CIL 2007 – Gaming & Libraries: Engaging Strategies – Jenny Levine

Gamers – not just teenage boys in the basement. 90 million gamers up to age 35. Boomers = 77 million, 70% once in while, 65% regularly.

Average age = 33 years. Largest percentage is middle aged women.

Wii opening up video games to a new generation. Kids with disabilities, elderly are bowling and playing baseball.

Gamers see themselves as heroes on a quest, willing to experiment and keep trying, willing to ask for help. Have an inherent distrust of bosses, beat a boss to get to the next level. “Can’t say cos I said so and I’m the boss”.

Have strong organizational skills, creative problem solvers.

Different library services:
collection development (Mario Bros memorial public library, Gaming Target, check

support materials for gaming culture (board games, graphic novels etc)

post game reviews, myspace for gamers, blog etc

Readers advisory – instead ask what movies, tv shows they like and what games they play – refer them to books about gaming – Booklist covering this

Non-video games – board games not just virtual games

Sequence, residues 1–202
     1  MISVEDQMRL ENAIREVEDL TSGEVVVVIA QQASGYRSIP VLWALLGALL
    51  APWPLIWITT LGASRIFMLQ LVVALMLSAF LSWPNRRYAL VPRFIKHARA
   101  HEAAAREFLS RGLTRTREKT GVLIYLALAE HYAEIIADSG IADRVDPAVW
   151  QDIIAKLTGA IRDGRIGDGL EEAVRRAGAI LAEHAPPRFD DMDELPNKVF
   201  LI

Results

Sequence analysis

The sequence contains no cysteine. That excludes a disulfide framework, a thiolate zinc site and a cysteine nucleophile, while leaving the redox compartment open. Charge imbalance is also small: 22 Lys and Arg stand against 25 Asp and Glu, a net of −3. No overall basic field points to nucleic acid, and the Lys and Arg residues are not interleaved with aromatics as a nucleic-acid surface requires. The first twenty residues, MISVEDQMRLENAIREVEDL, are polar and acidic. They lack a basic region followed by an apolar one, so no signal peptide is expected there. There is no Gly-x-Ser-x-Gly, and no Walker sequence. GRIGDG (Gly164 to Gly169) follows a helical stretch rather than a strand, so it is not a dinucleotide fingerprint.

Open play – buy equipment or get the kids to bring theirs in – or use Runescape sessions on internet PCs

Gaming blogs get most of the comments – check out Ann Arbor. Free online games, runescape, sepmania, 4 librarians and good experience..

Game pods – consoles in the library for use. Carver Bay Library lets kids accrue hours to play on 50 inch plasma screen – library card, book reviews, borrowing books, all help to accrue hours

Tournament play – bragging rights. Kids will even self organize them.

Bibliographic instruction – Uni North Carolina , Arizona State Uni – library board game now a flash game “Quarantined”

Game creation – hold classes on how to make games – Gwynett Public – kids are content creators, great avenue for them.

Participation gap – “confronting the challenges of participatory culture” report. Skills required for 21st worker, play, performance, simulation, multi-tasking, judgement, networking and more, all used in gaming. Machina – write a story in a game – check Bloomington, who run a film festival out of the results.

Lifelong learning

Potential gaming groups – families – DDR, Mario Kart; 20 and 30 somethings, middle-aged women – DDR and greatest generation men – WWII games, Seniors in general – Brain Age.

Nintendo DS – wireless networking between them so can play same game against each other. Has a lot of interesting learning games.

Storytime are communcal experiences. Need to think about how libraries can do the same with gaming. Check out the further reading on Jenny’s slides, to be posted at the wiki site listed at the top.